• Prospecting: Everything good starts with a conversation or a meeting. Any attempt to avoid this work or distraction that takes you away from prospecting is harmful to you and your results. There are plenty of things that masquerade as work.  Any time you are unsure of what you should do, you should immediately pick up the phone and dial through a list of prospects. If you are bored and distracted, dial five of your most difficult to convince prospects to ask them for a meeting (you will no longer be bored). 
  • Nurturing Your Dream Clients: The biggest, best prospects in your territory belong to your competitors. You should call them and ask them for a meeting. When they refuse your request for a meeting, you should start the Year Negative One (-1) process of nurturing them, providing them with ideas, and communicating frequently enough that they know you for your ability to help them produce better results. 
  • Meetings: You might have expected to see “follow up” on the list, but it doesn’t appear here for a fundamental reason: the idea that you have to follow up means you left a meeting without already scheduling another meeting. If you are in B2B sales and had five meetings this week, you should have another five booked with those same prospects over the next couple of weeks. There is never a reason not to start your week with a relatively full calendar. No doubt you have internal meetings with people who help you develop solutions that are part of the capture. 
  • Follow Through: Follow-through is not follow up. Follow-through means you made some commitment you need to keep. You promised to make a call, send an email, provide more information, schedule a meeting for your team to meet with your client’s organization or anything else you said you would do. No more pushy sales tactics. The Lost Art of Closing shows you how to proactively lead your customer and close your sales. The Lost Art of Closing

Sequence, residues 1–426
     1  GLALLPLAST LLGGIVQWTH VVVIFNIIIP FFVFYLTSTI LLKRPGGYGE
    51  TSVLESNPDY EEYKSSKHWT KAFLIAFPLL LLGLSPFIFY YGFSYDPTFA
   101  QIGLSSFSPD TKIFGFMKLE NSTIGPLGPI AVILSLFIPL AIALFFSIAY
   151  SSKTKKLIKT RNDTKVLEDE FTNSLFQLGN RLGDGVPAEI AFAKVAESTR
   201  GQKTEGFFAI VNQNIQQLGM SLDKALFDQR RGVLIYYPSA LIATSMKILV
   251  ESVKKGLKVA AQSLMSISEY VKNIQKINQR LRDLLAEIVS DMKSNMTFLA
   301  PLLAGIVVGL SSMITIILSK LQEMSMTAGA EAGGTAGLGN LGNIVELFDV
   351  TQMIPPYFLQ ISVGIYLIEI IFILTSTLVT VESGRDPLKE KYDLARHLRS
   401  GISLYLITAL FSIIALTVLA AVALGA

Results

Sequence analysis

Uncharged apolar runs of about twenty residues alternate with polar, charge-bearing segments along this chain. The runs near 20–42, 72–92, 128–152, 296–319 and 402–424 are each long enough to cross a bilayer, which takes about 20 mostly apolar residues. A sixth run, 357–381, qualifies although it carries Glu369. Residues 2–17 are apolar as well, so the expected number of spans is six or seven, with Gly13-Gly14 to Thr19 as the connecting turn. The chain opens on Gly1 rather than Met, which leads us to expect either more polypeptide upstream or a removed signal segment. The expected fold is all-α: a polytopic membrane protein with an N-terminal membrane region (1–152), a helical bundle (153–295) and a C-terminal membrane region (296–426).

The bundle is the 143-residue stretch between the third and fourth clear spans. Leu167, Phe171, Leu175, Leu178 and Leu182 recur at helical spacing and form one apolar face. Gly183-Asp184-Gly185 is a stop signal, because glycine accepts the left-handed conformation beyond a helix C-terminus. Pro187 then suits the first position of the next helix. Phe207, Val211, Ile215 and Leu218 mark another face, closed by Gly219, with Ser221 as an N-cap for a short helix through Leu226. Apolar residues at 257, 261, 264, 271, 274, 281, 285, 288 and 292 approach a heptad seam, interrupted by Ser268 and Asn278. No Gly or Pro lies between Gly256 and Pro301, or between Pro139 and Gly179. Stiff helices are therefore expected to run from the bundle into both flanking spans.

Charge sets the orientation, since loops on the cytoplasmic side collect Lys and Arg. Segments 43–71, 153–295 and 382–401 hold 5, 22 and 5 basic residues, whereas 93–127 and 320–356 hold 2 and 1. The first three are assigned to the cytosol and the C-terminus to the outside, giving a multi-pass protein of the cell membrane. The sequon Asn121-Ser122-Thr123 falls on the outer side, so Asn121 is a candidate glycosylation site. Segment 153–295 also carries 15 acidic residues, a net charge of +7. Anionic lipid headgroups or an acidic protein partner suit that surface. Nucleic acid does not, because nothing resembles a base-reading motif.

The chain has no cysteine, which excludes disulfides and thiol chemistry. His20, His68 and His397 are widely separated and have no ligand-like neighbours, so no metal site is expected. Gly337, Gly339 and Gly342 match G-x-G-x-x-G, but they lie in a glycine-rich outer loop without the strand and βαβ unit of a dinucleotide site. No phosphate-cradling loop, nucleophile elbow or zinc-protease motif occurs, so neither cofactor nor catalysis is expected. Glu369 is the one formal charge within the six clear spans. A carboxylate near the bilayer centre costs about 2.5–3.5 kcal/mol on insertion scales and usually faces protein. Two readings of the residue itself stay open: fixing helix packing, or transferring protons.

All the other things you still need to do but don’t find on this list are of lesser import than what appears here. However, making good decisions here comes down to your discipline. 

Practical Disciplines 

Discipline is doing what you don’t want to do when you don’t want to do it. It is a muscle that atrophies when it is not used and increases in strength when used (I have seen salespeople with massive biceps and triceps from their religious devotion to lifting weights who found the telephone too heavy to pick up). 

The discipline to prospect for some part of every day increases the likelihood that you create enough opportunities to reach your goals. If you don’t have a block on your calendar for prospecting each day, you will allow other, lesser things to crowd out what’s more important. The same is true for nurturing your dream clients. 

There is a discipline around managing deals that you might describe as “selling the meeting,” “selling the process,” and “selling your solution.” There is a disciplined way of thinking about stringing meetings together, with one naturally suggesting and leading to the next. 

The autonomy and independence that accompanies a role in sales requires you possess an equal or greater self-discipline to match it. Here is a list of 10 mandatory sales disciplines.